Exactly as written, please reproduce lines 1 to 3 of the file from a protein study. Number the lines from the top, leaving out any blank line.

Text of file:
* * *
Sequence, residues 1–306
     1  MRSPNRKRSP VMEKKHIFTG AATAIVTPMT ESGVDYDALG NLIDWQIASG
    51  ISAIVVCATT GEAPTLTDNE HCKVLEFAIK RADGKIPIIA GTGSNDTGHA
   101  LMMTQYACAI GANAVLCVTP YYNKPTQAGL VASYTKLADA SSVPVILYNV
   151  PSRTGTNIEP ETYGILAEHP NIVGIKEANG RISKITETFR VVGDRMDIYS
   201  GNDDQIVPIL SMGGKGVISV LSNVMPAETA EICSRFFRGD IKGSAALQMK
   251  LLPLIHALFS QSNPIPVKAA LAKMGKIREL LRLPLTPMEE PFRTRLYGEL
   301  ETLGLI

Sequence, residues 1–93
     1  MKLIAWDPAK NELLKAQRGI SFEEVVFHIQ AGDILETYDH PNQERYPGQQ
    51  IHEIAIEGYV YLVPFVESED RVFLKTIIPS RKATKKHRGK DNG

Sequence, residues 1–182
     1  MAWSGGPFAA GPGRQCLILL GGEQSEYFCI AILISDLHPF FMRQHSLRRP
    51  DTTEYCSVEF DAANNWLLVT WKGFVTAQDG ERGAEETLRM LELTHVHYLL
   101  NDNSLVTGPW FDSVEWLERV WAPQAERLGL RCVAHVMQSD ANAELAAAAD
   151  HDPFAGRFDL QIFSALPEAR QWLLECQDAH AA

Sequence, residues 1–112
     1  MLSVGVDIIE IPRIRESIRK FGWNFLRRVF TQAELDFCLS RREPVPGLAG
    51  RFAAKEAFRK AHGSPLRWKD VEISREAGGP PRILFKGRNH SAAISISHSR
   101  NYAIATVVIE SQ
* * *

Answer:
Sequence, residues 1–306
     1  MRSPNRKRSP VMEKKHIFTG AATAIVTPMT ESGVDYDALG NLIDWQIASG
    51  ISAIVVCATT GEAPTLTDNE HCKVLEFAIK RADGKIPIIA GTGSNDTGHA